They recommended fusing her ankle while resetting her lower-leg bones, smoothing down the remnant of her heel, and manipulating the tissue underneath for more cushioning. They said her left leg should be shortened to better fit a prosthetic, in addition to the need to excise her painful bone growth and remove more shrapnel.
And they suggested doing it all at once, one long operating session and concentrated recovery, instead of the endless surgery-recovery, surgery-recovery cycle proposed by her civilian doctors. Doctors at Walter Reed even stabilized her vision, as this was common in cases of bomb blasts.
Blast victims can be challenging to treat because they typically have multiple complex physical injuries that may include loss of limbs, fractures, brain damage, and vision and hearing impairment, said Dr. Paul Pasquina, chairman of physical medicine and rehabilitation at the Uniformed Services University and Walter Reed National Military Medical Center. These are the very difficult medical cases that civilian medical facilities seldom see, and have no experience in treating.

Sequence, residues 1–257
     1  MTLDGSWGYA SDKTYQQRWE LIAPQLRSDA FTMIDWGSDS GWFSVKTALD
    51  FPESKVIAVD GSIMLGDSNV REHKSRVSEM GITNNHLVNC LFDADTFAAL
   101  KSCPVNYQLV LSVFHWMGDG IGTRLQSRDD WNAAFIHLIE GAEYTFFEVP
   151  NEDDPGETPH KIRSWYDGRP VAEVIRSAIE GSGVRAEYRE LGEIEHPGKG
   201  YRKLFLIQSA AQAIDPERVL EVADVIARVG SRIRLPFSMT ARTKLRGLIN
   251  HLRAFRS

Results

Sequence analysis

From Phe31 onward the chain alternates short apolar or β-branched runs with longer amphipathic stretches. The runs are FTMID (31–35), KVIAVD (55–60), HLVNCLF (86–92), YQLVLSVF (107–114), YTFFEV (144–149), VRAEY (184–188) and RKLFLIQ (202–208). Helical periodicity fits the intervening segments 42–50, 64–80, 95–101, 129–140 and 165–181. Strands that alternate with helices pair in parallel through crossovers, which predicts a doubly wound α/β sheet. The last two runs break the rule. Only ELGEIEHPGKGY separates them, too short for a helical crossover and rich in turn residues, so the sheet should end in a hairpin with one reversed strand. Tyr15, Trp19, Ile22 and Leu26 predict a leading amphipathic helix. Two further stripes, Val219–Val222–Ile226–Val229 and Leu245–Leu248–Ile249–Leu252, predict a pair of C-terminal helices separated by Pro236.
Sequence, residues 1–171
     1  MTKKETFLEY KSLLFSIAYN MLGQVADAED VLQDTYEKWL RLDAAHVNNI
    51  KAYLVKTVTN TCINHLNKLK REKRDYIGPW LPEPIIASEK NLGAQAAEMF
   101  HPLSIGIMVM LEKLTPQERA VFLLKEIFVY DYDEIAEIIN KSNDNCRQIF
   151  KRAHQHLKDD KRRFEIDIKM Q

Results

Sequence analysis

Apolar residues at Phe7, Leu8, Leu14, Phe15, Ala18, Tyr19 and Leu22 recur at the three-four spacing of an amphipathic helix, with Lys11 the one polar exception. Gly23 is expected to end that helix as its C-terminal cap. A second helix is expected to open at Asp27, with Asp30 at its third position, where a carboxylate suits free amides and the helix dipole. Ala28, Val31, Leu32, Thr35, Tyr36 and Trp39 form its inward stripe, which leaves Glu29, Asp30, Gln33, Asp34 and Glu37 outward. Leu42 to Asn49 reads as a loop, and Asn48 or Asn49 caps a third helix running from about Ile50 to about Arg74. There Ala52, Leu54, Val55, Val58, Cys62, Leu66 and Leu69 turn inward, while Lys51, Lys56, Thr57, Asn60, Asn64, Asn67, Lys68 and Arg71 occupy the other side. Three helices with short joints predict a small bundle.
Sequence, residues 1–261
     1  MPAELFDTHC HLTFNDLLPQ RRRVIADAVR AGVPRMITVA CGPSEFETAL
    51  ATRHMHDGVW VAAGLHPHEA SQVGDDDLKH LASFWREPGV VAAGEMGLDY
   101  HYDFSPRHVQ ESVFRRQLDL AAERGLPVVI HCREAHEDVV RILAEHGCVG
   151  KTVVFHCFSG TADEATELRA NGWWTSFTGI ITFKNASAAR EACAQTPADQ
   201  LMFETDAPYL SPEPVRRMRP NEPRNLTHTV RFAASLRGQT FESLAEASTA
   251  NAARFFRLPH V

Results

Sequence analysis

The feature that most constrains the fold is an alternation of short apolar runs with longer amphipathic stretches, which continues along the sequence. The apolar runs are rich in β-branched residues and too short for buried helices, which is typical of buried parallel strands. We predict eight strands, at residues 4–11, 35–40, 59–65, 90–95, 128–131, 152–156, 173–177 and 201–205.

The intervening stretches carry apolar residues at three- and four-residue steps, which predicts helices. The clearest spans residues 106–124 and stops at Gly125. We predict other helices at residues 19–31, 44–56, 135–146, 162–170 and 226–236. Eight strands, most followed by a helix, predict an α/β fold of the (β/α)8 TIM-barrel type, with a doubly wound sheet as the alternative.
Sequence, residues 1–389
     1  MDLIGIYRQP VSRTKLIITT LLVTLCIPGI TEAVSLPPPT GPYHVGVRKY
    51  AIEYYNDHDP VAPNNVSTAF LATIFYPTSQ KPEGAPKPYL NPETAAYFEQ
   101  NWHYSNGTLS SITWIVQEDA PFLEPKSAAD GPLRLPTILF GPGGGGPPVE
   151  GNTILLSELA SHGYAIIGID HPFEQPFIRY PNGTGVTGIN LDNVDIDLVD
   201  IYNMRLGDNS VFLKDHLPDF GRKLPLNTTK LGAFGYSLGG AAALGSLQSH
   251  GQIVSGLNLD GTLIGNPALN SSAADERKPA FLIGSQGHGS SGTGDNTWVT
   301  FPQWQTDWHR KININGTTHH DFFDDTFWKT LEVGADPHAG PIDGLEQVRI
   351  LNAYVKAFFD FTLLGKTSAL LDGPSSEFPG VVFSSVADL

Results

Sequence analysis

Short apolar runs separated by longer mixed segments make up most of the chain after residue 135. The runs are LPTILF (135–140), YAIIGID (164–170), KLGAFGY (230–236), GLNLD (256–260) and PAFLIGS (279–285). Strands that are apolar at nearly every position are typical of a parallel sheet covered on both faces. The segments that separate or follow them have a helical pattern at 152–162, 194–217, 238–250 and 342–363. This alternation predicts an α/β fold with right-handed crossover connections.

Understanding this great need for expanding the training and opportunities for medical services and medical students, a new program and partnership between military and civilian medicine has been developed with Fort Hood and Texas A&M College of Medicine.
Texas A&M University is honoring its military roots with a new partnership with the Carl R. Darnall Army Medical Center (CRDAMC) at Fort Hood. Fort Hood and Texas A&M University announced a new partnership that will place medical students at the forefront of Army medicine for a unique training experience.
Col. Mark W. Thompson, commander of the medical center, said the agreement would enhance the care delivered at Fort Hood. “The education opportunities are mutually beneficial,” Thompson said. “Not only does teaching medical students challenge our physicians to stay at the top of their game, being in a military medical environment allows medical students the chance to sharpen their critical thinking and communication skills.”
During the announcement, Col. James Lucas — deputy commander for surgical services at Darnall, who will serve as campus dean for the program — said the partnership is beneficial to the medical center in helping grow its educational component on site.